For the first time in more than a decade, the yield curve has (partially) inverted. What does this mean for investors and the market in general?
Source: Factset, Federal Reserve
Specifically, the yields on one, two, and three-year Treasuries exceed that of the five-year Treasuries, as shown in the above chart.1 This is an unexpected situation, as investors are typically compensated with higher rates in exchange for holding bonds with a longer maturity.
The willingness to accept a lower yield over a longer period of time usually reflects concerns about the economy and/or markets in the short-run. As a result, investors are prioritizing purchases of long-term bonds (driving those yields down) over short term bonds (driving those yields up).
This situation raises one big question for advisors and their clients: what happens after the yield curve inverts?
First, an inverted yield curve makes short-term debt more expensive. This can notably impact consumers and businesses that have lines of credit, adjustable-rate debt, or other short-term loans tied to short-term interest rates.
More importantly, the larger concern with inversion is the potential of a recession. Take a look at the yield curve from two important time periods, January 2000 and November 2006:
Source: Factset, Federal Reserve
Back in January 2000, the yield on 10-year Treasuries slipped below that of 5-year Treasuries by a single basis point (6.68% vs. 6.69%). The same thing happened in November 2006 (4.62% vs. 4.63%). In the latter case, yields on 2-year Treasuries were even higher than their 5 and 10-year counterparts, resulting in an even more-pronounced inversion.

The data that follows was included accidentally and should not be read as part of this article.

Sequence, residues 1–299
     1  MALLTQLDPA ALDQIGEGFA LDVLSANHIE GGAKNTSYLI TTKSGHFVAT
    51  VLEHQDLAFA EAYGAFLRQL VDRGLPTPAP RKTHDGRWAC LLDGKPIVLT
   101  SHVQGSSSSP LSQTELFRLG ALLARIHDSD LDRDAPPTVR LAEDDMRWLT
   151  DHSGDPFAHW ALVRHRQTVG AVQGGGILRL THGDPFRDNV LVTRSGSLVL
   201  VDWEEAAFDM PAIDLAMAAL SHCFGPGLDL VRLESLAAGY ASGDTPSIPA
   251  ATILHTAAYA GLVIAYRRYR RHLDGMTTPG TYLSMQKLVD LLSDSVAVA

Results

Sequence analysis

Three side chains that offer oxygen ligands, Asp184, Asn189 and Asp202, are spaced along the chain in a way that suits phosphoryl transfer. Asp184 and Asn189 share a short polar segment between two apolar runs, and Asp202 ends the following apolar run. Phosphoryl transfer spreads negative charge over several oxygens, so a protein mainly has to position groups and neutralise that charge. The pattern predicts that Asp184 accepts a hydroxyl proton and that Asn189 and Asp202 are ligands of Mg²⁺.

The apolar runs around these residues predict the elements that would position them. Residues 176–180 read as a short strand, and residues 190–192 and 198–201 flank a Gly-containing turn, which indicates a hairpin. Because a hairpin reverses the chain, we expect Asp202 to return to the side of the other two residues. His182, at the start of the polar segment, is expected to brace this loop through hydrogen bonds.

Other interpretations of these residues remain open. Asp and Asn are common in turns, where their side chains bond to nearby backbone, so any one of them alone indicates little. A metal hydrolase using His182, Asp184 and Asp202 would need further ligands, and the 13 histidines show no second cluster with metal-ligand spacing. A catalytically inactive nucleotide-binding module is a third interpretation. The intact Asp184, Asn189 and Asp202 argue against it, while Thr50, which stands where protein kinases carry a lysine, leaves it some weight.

What happened after these inverted yield curves appeared?
- Approximately 15 months after the January 2000 inversion the U.S. entered a recession while the dot-com stock market bubble was bursting.
- Approximately 14 months after the November 2006 inversion the U.S entered a recession as the ’08 financial crisis started to play out.
Taking a broader historical perspective, an inverted yield curve has appeared prior to the last seven recessions.2 Of course things are rarely that simple. An inverted yield curve is not a cause of a market downturn or recession and does not guarantee a pending recession. It’s worth noting that:
- There can be varying periods of time before the markets or economy shift after the yield curve inverts. In the examples above the initial inversion occurred more than a year before the recessions hit.
- There are generally opportunities for investors in every market situation.
The point is that investors should be aware of and monitor what happens with the yield curve, and consider how that may impact their clients. The fact that there is a partial inversion today is an event that may signal significant changes ahead in the economy and the markets.
1 Sources: FactSet, Federal Reserve as of 12/07/18.
The yield curve is a line that plots the interest rates, at a set point in time, of bonds having equal credit quality but differing maturity dates. The most frequently reported yield curve compares the three-month, two-year, five-year, 10-year and 30-year U.S. Treasury debt. This yield curve is used as a benchmark for other debt in the market, such as mortgage rates or bank lending rates, and it is used to predict changes in economic output and growth.
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Charts and graphs included in this presentation are not meant as investment tools or to assist with investment decisions. Information has been obtained from sources believed to be reliable, but its accuracy, completeness, and interpretation are not guaranteed. The foregoing discussion is general in nature, is intended for informational purposes only and is not intended to provide specific advice or recommendations for any individual or organization. Because the facts and circumstances surrounding each situation differ, you should consult your attorney, tax advisor or other professional advisor for advice on your particular situation.
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